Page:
The high popularity of the bandoneon during the 20ies forced the French musette players to learn this instrument too. But because the available bandoneons were too different from the musette acordion, they demanded an instrument much closer to what they were used to but with the characteristic sound of a tango bandoenon. In 1925/6 Charles Peguri replaced the reedboards of a 142 voice rheinische Lage instrument with modified plates, where the reeds for both air flow directions were the same. The unisonoric so-called Peguri Chromatic Bandoneon is based mechanically on the standard 142 voice export models, making it easy to incorporate the modified version into the running production.

The term Chromatic Bandoneon caused confusion among many people because it suggests that the bisonoric instrument doesn't permit chromatic scales, and which is not the case. They simply called double action instruments diatonic and single action = chromatic.

Earlier instruments were called Symphonetta (1898) and the swiss Kaspar Wicki based his unisonoric bandoneon keyboard of 1896 on the non-discriminating piano keyboard of Jankó (1882). An other unisonoric bandoneon was designed by in 1927 but with a different mechanical layout.

Which system is the most suitable?

To take a decision you have to know the task of your work. The demand for unisonoric instruments arose from the need to change from piano or accordion to bandoneon without having to learn the complicated keyboard and be able to perform within a moderate time.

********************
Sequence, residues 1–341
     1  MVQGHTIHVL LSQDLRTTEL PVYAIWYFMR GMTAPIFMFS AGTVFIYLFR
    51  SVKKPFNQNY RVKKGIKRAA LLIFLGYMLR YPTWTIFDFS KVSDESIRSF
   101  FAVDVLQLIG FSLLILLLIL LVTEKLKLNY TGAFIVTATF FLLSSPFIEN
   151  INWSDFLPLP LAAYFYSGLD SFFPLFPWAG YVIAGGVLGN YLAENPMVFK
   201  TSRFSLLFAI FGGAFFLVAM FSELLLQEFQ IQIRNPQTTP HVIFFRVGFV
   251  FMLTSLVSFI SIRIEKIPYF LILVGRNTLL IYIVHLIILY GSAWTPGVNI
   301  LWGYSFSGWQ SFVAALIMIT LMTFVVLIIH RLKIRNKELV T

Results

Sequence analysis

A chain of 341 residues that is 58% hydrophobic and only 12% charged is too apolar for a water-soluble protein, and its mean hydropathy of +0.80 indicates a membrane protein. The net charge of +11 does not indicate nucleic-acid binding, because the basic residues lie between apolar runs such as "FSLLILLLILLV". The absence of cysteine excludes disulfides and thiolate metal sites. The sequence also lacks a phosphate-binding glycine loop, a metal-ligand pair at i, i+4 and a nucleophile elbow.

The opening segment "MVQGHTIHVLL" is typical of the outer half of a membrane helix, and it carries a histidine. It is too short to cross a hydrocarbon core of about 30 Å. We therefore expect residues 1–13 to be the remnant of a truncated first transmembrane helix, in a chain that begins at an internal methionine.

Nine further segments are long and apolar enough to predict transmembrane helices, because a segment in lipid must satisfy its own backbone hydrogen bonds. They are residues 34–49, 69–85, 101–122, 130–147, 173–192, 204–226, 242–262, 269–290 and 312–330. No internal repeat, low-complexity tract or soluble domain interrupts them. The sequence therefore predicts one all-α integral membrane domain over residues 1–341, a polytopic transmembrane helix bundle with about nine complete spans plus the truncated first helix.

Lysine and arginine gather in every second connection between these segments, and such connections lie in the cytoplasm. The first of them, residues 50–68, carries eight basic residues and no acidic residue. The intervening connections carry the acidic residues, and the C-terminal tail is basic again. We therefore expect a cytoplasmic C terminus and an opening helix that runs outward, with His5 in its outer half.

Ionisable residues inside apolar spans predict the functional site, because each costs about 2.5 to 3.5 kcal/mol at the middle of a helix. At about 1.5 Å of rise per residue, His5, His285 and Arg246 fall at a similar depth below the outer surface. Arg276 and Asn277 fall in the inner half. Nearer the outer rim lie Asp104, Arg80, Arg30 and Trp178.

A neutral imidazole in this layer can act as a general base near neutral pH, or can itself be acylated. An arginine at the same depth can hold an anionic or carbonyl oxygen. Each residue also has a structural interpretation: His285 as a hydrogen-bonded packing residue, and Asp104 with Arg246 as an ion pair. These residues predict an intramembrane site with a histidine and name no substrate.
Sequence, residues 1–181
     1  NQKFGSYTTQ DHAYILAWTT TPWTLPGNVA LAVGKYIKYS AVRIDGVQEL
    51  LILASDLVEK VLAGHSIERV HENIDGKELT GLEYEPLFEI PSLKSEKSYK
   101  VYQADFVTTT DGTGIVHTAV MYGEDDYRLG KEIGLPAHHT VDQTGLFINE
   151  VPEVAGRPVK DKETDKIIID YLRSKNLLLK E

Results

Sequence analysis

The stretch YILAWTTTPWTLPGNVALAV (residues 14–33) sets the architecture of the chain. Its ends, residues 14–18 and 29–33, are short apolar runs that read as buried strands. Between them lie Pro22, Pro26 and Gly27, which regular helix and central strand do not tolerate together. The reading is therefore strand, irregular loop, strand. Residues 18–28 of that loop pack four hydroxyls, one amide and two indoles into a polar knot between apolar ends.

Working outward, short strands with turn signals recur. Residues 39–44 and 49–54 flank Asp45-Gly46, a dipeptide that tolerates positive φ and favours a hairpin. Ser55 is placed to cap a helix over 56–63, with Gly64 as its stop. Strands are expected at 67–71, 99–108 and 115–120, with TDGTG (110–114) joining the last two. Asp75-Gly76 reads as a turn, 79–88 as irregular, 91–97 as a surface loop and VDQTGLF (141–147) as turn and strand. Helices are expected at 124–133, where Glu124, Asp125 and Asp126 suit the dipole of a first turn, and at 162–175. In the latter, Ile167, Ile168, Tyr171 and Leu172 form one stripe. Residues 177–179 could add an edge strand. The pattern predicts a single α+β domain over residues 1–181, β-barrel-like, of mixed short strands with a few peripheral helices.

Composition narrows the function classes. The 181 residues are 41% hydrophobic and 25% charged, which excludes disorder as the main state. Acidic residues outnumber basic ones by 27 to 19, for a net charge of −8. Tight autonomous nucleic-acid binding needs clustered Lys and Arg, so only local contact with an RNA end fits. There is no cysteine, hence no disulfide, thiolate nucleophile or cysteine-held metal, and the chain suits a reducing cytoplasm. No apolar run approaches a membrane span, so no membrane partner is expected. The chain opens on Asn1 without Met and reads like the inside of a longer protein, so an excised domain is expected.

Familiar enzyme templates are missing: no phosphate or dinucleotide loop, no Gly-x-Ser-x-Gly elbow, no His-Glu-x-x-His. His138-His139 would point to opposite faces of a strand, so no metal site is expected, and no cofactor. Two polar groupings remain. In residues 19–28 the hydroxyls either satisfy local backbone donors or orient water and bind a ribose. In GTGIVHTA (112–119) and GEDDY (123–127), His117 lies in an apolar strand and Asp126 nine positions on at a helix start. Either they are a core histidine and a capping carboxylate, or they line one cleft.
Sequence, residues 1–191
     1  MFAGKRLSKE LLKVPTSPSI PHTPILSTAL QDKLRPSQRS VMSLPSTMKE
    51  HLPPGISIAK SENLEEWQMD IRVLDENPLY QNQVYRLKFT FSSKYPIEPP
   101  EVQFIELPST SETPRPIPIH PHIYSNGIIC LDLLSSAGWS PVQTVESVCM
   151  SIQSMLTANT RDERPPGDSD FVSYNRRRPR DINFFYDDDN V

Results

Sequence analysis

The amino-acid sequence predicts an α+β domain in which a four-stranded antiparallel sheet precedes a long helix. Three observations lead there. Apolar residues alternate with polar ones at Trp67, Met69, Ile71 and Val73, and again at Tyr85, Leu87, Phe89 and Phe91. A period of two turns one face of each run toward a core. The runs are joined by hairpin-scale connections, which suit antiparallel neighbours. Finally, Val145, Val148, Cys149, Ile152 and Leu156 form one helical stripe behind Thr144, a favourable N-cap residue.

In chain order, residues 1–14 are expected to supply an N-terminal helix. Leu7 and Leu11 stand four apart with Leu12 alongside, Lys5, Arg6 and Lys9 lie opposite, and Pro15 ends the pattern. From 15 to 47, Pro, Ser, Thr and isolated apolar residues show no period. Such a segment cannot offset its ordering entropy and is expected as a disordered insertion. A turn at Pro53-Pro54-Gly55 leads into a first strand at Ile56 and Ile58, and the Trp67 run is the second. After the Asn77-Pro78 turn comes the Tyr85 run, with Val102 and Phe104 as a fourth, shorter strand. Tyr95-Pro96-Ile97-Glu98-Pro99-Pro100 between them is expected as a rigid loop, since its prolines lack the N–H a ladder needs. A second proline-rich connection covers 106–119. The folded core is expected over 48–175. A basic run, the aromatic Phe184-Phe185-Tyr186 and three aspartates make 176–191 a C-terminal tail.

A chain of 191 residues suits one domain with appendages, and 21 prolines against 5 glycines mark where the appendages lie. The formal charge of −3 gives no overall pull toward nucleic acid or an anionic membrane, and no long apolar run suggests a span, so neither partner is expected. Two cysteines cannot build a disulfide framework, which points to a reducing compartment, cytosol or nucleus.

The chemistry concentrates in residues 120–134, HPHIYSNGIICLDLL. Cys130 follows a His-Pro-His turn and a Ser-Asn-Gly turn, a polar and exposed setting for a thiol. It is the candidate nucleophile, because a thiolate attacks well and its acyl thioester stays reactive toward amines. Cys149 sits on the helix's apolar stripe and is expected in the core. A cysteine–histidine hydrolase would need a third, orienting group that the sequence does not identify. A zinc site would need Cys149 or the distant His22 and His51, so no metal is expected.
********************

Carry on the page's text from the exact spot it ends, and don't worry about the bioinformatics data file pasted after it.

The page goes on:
There are hundreds of bandoneonists in France with excellent results using Peguri's system. Most of the actual bandoneon production goes into that market.

Why then still a bisonoric system?

Both instruments sound different although potentially every instrument sounds different. One reason is, that on acting a voice a brother reed of the same frequency in the same wind channel is ``hearing'' the sound. This fact couples vibration on its own and which interferes with the driving reed. This additional sound is not strong and only modifies the sound colour.

The most important reason is that a bisonoric instrument allows to perform extremely broad chords giving the bandoneon its particular rich sound not possible on other instruments.

For the case you are going to play tango music I would suggest the bisonoric system since most compositions take advantage of that particular property. Once you have learned the keyboard you will discover the great advantage of the ``chaotic'' layout. The original idea of realizing chords easily is still achieved. This is to be considered particularly for modern harmonies.

The choice between Einheitsbandonion and the rheinische Lage depends on your repertory, although less significant.



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last update: 2017-11-24